Charter school runs into snags over plans for gun range nextdoor
By Catherine Lackner
New wrinkles have popped up in the Downtown Development Authority's quest to put a charter school in downtown Miami, but authority board members who last week approved a contract for the school say they're confident the problems can be worked out.
Board members said they still expect the school to open in August.
Matthew Gorson, who with Carlos Migoya has guided the project through miles of red tape, told fellow board members last week that two disputes have arisen with the city.
The city, which owns the school site at Northwest Third Avenue and Third Street, wants the right to relocate the school's parking lot to use the land for police training and possibly a gun range under I-95, Mr. Gorson said, and wants the authority to pay an undisclosed sum in "pilot fees" in lieu of taxes.
"Needless to say, we think a gun range is incompatible with an elementary school," he said.
Mr. Gorson said pilot fees are unfair because the property isn't bringing in taxes now and the school isn't for private use.
"To me, these are two big issues that have to be resolved," Mr. Gorson said.
"Isn't this city land?" asked Johnny Winton, Miami commissioner and authority chair. "What the hell are we doing?"
Assistant City Attorney Olga Ramirez-Seijas said she thought both issues had been settled in an earlier contract between the authority and the city.
"It was not fully approved," Mr. Gorson said. "I thought that site was going to be a training facility if we didn't get the charter," hence removal of the parking area would not be an issue. "And we really don't have the pilot fees in the budget. We can't afford to pay them."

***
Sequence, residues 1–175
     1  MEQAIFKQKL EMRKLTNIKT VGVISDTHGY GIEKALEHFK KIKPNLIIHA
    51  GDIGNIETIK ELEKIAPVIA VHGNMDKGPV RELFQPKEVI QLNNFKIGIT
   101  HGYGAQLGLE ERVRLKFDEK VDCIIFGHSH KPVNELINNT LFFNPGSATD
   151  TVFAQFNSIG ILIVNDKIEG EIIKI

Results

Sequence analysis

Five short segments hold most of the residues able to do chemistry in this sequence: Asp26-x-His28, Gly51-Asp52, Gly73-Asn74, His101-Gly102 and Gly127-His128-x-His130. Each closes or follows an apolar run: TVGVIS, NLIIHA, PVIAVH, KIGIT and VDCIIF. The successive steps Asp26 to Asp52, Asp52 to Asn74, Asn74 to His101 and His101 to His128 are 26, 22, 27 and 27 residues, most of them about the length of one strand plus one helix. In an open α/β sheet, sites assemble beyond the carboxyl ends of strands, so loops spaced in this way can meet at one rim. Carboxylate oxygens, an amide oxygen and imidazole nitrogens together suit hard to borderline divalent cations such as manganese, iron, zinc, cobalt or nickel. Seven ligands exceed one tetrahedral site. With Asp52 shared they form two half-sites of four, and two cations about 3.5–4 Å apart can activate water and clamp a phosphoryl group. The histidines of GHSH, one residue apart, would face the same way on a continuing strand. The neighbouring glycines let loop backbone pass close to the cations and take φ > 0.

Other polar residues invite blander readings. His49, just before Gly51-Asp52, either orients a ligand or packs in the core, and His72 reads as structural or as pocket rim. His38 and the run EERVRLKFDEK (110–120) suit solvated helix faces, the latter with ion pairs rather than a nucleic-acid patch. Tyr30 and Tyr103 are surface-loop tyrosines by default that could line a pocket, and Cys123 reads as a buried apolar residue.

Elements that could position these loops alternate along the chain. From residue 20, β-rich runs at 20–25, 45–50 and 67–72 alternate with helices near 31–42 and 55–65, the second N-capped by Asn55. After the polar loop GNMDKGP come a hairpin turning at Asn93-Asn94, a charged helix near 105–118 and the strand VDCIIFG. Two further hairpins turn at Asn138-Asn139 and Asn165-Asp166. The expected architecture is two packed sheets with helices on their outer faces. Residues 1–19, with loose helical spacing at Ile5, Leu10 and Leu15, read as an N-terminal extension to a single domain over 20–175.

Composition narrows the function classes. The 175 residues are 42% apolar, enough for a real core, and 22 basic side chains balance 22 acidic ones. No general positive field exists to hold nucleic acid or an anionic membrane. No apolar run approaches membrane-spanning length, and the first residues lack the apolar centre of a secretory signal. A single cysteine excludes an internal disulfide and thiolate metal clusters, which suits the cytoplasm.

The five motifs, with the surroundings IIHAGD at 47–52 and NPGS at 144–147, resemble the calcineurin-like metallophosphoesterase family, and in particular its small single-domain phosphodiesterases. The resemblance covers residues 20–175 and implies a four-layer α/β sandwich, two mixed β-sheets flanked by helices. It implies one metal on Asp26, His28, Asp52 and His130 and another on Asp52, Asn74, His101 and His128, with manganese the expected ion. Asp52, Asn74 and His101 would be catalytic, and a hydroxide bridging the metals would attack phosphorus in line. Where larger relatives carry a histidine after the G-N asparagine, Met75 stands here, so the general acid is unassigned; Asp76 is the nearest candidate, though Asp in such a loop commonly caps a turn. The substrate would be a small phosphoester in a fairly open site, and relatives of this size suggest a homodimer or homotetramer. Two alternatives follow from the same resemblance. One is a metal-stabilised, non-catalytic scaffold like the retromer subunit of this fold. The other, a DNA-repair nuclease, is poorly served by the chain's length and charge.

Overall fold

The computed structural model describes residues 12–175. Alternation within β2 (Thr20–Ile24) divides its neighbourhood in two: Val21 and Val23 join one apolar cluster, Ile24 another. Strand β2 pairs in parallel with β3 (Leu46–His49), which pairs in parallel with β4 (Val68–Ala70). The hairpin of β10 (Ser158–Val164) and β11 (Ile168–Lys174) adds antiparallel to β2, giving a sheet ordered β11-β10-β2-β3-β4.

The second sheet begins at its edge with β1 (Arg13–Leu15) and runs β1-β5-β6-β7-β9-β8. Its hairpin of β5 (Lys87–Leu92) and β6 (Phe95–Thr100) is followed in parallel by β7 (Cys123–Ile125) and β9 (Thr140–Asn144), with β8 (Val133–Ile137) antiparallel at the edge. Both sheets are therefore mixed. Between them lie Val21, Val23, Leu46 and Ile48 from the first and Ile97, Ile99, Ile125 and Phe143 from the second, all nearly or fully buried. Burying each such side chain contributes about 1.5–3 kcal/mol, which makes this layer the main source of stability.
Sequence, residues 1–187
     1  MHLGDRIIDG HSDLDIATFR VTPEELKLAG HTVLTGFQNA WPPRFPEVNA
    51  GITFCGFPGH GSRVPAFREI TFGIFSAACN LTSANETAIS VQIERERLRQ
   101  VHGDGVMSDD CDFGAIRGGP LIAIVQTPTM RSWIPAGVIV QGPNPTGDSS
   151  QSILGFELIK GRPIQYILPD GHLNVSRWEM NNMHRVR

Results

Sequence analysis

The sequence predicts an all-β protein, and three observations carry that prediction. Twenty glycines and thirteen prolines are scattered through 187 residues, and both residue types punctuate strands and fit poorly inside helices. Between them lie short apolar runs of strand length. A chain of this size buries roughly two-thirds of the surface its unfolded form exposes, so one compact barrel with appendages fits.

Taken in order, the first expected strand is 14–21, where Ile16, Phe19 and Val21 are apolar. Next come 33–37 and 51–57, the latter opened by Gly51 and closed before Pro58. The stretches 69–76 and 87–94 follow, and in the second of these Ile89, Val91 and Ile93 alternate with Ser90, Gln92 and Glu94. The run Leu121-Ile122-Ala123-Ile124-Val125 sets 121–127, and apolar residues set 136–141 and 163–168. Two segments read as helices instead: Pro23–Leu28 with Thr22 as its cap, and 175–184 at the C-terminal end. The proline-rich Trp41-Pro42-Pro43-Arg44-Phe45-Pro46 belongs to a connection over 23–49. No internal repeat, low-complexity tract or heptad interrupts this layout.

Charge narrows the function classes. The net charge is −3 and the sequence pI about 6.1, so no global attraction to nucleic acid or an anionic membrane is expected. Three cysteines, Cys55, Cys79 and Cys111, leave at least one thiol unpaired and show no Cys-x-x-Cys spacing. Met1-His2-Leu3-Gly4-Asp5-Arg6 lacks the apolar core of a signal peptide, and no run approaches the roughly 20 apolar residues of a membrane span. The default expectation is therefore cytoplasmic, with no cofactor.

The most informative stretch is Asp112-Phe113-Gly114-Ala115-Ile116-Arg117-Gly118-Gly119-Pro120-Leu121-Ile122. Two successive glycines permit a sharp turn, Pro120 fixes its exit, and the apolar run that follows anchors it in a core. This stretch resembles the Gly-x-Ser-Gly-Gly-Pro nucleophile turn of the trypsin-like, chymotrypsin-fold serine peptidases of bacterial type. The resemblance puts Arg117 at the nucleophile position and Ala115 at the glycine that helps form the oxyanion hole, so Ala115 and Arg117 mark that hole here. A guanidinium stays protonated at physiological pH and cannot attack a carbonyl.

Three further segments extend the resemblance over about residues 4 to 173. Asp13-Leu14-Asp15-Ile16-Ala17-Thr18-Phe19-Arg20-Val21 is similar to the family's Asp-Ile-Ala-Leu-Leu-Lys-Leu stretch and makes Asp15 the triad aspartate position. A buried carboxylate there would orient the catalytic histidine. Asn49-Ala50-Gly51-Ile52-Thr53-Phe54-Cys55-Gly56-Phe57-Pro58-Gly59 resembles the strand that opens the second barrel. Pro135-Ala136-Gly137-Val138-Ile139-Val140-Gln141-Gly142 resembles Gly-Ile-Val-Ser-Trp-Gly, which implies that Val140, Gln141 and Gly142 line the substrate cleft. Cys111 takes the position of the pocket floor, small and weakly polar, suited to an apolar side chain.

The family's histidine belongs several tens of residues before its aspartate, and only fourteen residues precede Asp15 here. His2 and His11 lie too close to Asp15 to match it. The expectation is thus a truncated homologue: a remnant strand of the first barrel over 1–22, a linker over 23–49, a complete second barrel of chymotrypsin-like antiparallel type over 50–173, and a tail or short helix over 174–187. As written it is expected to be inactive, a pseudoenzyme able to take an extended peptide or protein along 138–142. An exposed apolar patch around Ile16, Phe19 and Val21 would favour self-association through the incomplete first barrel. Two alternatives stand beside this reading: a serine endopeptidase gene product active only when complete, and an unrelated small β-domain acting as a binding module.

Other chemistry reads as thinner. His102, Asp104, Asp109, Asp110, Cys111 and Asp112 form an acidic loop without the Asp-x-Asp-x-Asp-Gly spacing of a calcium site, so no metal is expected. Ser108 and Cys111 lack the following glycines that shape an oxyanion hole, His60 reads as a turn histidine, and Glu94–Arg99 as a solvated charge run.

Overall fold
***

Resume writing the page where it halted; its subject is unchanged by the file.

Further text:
Mr. Winton said he would take up the matter with City Manager Carlos Gimenez and other ranking officials. The board voted to approve the contract as is, with the understanding it would be revised before going to a city commission vote.
As the contract stands, the cost of building and equipping the school is $5.4 million to $6.4 million, to be paid by Charter Schoolhouse Developers, a group headed by former Miami-Dade County Manager Joaquin Aviņķ.
Funding is to come primarily through a $4.2 million line of credit from Union Planters Bank.
The city will hold retain and lease the land to the authority through a 501c3 non-profit corporation called Downtown Miami Charter School Inc. Once built, the school is to be run by Charter Schools USA Inc. for a percentage of revenues.
Charter Schoolhouse Developers, winner of bidding to run the downtown academy, also built a charter school for Ryder System Inc. in West Dade and another in Coral Springs.
While the school would be under the Miami-Dade County School Board, its management could be tailored to meet needs of parents. About 15 charter schools now operate in the county.
Money for teacher salaries and other operational costs would be allocated by the Miami-Dade School System based on how many students enroll. The downtown school would serve 500 kindergarten through 5th grade pupils, Mr. Aviņķ said.
Land on which the school is to rise directly south of the City of Miami police station, 400 NW Second Ave., is owned by Miami-Dade County. The county agreed to swap it for the Hickman Building at Northwest Second Avenue and Second Street, owned by the city.